We had also decided we wanted to tour the Jesuit Mission Circuit, which starts roughly 4 hours or so outside Santa Cruz. From the late 17th century, Jesuits established settlements called reducciones in Bolivia´s eastern lowlands, building churches, establishing farms and helping the Indians learn more about agriculture, music and crafts in return for conversation and manual labour. Remember the film "The Mission"? Its based around this area of Bolivia. Sounds like the Jesuits got a good deal, but they were the biggest defenders of the indigenous people against the Spanish, so much so that they were kicked out of Spain at one point because of this!
We had a grand time, driving over 1,000 kilometers in three days in the region of Chiquitania, and visiting not only the easily treaded tour of the iglesias de San Ramon, San Javier, Concepcion, San Ignacio de Velasco, and San Miguel but also the rarely visited Santa Ana and San Rafael. Whether you are a big church lover or not, you couldnt help but be moved by the beauty of these buildings and the sheer determination, due to the influence of the Swiss priest and main architect of The Missions, the Jesuit Martin Schmit. His work was then reconstructed many years later by Hans Roth, who lovingly restored all of these churches to their exact original form. From the gigantic pillars, each one an individual tree trunk, lovingly found and plucked from the surrounding forests, and carved beautifully, to the incredible baroque gold and silver alters, to the hand painted walls and ceilings, each church was different and equally beautiful in its own way.
I was also lucky enough to visit some of Fr Rogers friends, from Padre Ramon, living at Las Piedras, where the views are spectacular and the massive stones AKA piedras, are over 5 million years old, to having lunch with Sister Martine of San Miguel´s convent, who so kindly ran through bucketing rain and giant puddles with her habit around her knees to show me that incredibly beautiful church. Also one of my fave experiences was at San Rafael, where about 15 young children were sheltering from the rain inside the church, along with a slightly older (about 85 yrs older!) nun who had just popped in to say a few prayers. As she took advantage of Fr Roger´s presence to chat away to him, the kids were very excited about my photo taking and wanted one of themselves, so of course i obliged! They were delighted with the shots, and the giggles rang out as i passed the camera around and Julio, Carlos, Fausto, Bernard, Lilia and the rest of the gang saw themselves in the pics! They also sang some Christmas carols for us before we left.. i thought i was going to cry, they were so lovely and warm and curious... it was a great memory of the mission trip!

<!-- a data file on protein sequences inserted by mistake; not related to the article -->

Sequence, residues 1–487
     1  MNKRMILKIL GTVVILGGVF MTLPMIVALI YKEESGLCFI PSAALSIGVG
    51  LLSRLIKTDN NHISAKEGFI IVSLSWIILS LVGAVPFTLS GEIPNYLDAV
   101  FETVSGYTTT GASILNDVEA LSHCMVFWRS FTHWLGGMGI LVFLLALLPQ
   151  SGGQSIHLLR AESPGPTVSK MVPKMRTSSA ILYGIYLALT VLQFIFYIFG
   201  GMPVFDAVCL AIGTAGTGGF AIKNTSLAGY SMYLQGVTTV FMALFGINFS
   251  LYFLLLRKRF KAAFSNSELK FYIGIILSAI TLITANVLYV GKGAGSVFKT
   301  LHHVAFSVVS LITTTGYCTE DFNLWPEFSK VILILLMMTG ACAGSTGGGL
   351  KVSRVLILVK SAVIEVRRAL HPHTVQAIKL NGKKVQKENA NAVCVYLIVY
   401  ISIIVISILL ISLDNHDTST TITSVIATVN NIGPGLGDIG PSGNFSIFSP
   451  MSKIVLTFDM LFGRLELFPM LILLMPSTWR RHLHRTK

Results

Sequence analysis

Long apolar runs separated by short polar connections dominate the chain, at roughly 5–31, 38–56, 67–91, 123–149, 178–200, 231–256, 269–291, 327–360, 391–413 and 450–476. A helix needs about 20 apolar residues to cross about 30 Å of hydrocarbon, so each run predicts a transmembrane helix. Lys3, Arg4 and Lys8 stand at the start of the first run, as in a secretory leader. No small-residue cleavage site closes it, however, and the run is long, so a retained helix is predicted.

It was also great to be with Fr Roger during the elections, so i could get the inside scoop on the different nominees, their parties, policies etc. It was quite exciting to see Evo win with 53% of the popular vote. All over the country people showed their party lines with painted houses, roads, sides of mountains you name it, Evo and Tuto, blue and red, MAS and PODEMAS were everywhere...
And lastly, Christmas just isnt Christmas without the girls at the local supermarket dressed in Santa outfits to help you pick out your cranberry jelly or mint sauce. From red leather hot pants to satin minis, it was quite a sight to behold, mind you i seemed to be the only one to notice so it must be the done thing in Santa Cruz....
So yet another fabulous week of Bolivian adventure. It´s off to Potosi and the mines next, so stay tuned!